Review: Seeds

Urges and family ties create an unnerving experience in Owen Long’s Seeds.

Marcus (Trevor Long) is a man with an affliction, and when an untimely accident occurs with his lover, he retreats to his family home by the sea to lay low while his drug dealer takes care of things. His brother Michael (Chris McGarry) must deal with his crumbling marriage, so Marcus agrees to look after his niece and nephew Lily and Spencer (Andrea Chen and Garr Long) while Michael tends to his estranged wife.

Lily is a teenager beyond her years, and becomes yet another problem for Marcus who forces himself to resist her immature advances because his affliction is getting worse, and what once looked like substance abuse slowly shows itself to be much more; haunting him as his mental health deteriorates and his life takes the form of a nightmarish fever dream.

Seeds will leave you perplexed until the last frame.  It’s a beautifully shot film, with gorgeous use of light and focus by Korean cinematographer Eun-ah Lee, but the audience isn’t going to get a nice linear story.  There are flashbacks to Lily as a little girl, nightmares that seem real, and a general sense of unease that never goes away, mostly due to the relationship between Lily and her uncle Marcus. Depending on the perspective, she is either relentless in her pursuit of Marcus or it’s him that has to control his urge not to pounce on the young woman. I’m not sure if this pairing of an older white man and a teenaged Asian girl put me off because of the taboos with incest or if her race was the issue, especially since both Marcus and his brother seemed to have a pattern with Asian women in the film.  Marcus clearly had mental issues he was working through that fueled his delusions but I’m on the fence with that type of objectification and stereotype here. The director’s wife Younny Long however, is Asian as well as the film’s executive producer, so there’s hope that her’s and actor Chen’s voice behind the scenes kept things in check and her race is merely incidental.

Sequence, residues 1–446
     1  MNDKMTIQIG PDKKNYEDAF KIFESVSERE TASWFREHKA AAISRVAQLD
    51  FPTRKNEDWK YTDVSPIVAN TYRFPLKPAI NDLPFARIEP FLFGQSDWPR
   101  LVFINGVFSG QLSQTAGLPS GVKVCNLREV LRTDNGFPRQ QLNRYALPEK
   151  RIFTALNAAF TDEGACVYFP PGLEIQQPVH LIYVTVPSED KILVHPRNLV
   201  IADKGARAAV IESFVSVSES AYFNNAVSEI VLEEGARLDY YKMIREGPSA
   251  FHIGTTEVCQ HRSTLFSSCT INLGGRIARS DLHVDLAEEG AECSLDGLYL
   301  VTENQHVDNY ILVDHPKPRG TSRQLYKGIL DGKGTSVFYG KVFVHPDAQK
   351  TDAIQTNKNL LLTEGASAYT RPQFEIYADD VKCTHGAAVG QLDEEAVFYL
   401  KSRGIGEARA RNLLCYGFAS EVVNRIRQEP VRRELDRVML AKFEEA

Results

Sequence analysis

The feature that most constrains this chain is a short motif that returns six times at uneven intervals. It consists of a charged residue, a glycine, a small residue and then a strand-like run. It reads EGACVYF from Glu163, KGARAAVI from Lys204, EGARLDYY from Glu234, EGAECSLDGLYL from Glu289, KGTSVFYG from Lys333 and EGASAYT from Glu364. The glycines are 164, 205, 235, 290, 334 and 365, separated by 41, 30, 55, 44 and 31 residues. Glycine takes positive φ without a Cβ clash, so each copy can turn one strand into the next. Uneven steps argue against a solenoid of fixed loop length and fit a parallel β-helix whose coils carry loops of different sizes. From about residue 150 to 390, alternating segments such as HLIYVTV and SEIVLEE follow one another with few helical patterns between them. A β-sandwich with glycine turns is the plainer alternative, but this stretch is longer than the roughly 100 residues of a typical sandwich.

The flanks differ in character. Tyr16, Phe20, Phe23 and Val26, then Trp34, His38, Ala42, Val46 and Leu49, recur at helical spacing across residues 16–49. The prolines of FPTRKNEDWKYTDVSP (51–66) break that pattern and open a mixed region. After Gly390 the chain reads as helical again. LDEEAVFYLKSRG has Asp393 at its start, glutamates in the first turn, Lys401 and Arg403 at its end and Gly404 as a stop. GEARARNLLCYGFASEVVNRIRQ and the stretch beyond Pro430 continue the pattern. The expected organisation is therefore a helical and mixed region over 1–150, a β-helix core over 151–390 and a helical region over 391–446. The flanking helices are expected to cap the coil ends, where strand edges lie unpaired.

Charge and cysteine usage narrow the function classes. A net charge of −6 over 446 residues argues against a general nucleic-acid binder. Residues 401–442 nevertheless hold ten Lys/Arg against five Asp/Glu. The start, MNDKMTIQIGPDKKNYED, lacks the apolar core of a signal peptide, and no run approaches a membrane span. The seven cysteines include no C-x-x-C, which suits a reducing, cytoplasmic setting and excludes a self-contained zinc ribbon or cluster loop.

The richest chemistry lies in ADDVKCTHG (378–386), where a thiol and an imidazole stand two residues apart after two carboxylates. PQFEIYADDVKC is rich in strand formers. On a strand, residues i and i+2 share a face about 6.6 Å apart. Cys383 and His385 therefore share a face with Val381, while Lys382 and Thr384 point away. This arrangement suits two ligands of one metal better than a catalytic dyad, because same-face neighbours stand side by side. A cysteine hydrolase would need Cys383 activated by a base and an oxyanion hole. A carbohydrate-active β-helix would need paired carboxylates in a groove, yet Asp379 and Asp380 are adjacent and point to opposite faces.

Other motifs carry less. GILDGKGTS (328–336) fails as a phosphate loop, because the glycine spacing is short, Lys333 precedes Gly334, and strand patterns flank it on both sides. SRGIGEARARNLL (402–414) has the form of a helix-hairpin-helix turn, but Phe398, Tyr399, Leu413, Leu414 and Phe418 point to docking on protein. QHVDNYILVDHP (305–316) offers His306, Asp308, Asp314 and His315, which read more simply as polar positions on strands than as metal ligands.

Amidst the understated performances, Long does a great job as Marcus and gives us a unique version of a man descending quietly into his own private hell before your eyes. Having your brother as the director could go either way, but it’s clear they make a good team.  Again, you have to hang in until the end with this slow burner served with a pinch of body horror. Long and screenwriter Steven Weisman are clearly influenced by Cronenberg and Lynch; and Long has described his film as a cross between The Shining and Lolita, but you may also get inklings of Spider, Twin Peaks, and Canadian horror The Crescent which has a similar eerie feel.

This strange, disjointed film isn’t a typical horror film, and I’m certain it’s not for everyone, but that’s ok.  Seeds won’t give you a neat package of protagonist/antagonist or a reliable guide in this journey, but it will definitely leave you with some disturbing images and an unsettling urge to check your closets before you go to bed, especially if you live by the water.

Catch Seeds in U.S. theatres September 13.